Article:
University of Dayton students working with Abolition Ohio at the UD Human Rights Center will testify on behalf of two bills Nov. 16 at the Statehouse in Ohio that will help victims of human trafficking human beings to get back on their feet.
“Victims of human trafficking are often coerced by their traffickers into prostitution, solicitation and a wide range of other crimes through no fault of their own. Convictions for these crimes prevent victims of human trafficking rights to obtain housing, employment, or professional accreditation. Current Ohio law removes these offenses, but only if the victim has one of the very limited prerequisites. What Ohio SB 183 and HB 319 will do is remove those prerequisites so that more victims and survivors can qualify to have their records expunged,” said Tony Talbott, director of Abolition Ohio and director of advocacy at the UD Human Rights Center.
Expungement goes further than sealing a case because sealed cases cannot be destroyed and there is always a chance they can be reopened, Talbott added. He went on to say that these bills will also expand protections for victims of labor trafficking who may be coerced into drug trafficking or theft.
Representatives from Abolition Ohio will join representatives from the Cincinnati-based Intercommunity Justice and Peace Center, End Slavery Cincinnati and other anti-trafficking coalitions in the state to testify Wednesday morning. They and lawmakers sponsoring the legislation will hold a press conference at 8:30 a.m. in Grant Courtroom 110 at the Ohio Statehouse.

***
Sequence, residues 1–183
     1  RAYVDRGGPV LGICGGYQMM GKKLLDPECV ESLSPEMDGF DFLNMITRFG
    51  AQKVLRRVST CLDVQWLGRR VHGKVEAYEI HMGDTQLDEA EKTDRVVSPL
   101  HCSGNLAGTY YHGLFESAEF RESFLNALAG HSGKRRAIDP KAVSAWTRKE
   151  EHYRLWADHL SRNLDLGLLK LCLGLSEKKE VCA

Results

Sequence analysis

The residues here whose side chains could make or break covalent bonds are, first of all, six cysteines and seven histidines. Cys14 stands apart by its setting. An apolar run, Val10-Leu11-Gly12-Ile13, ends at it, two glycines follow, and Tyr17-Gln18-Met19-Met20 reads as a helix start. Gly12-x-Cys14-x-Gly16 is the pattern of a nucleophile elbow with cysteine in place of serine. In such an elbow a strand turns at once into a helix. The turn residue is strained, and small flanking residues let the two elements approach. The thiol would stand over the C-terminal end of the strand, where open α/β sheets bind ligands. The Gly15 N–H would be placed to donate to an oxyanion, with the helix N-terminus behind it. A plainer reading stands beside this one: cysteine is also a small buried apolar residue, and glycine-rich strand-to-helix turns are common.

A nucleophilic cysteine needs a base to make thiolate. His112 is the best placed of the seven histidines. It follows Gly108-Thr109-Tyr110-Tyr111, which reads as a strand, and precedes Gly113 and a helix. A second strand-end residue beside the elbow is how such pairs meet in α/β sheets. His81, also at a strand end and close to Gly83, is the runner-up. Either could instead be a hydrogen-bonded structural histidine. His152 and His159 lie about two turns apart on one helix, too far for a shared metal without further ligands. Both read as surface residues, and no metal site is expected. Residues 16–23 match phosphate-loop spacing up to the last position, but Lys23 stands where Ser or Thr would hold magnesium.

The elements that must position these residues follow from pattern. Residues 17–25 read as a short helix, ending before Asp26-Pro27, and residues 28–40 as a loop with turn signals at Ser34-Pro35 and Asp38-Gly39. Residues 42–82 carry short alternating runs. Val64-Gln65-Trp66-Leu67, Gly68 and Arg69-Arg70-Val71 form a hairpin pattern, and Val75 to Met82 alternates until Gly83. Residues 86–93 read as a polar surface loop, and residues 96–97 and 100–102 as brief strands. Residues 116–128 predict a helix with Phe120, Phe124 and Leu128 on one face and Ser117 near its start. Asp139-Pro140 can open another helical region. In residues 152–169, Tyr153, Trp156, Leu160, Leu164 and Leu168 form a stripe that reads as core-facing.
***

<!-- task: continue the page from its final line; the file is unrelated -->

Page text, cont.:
Although very early in the legislative process, Talbott hopes the group’s testimony will help bills make their way out of committees and garner more bipartisan support.
Talbott, Abolition Ohio, and the UD Human Rights Center have long been committed to the fight against human trafficking.
The University of Toledo’s Institute of Human Trafficking and Social Justice honored Talbott with its 2020 Human Rights and Social Justice Champion Award. Abolition Ohio leads the outreach program to Human Trafficking (STOP) in local schools to help students identify and avoid signs of human trafficking. Talbott was also part of a UD group that helped lobby on behalf of an Ohio bill to make human trafficking a crime and researched and wrote a report on the disruption of human trafficking in illicit massage businesses in Ohio.
For interviews, contact Shawn Robinson, associate director of news and communications, at [email protected] To connect with Talbott on Wednesday, November 16, call or text him at 937-545-9623.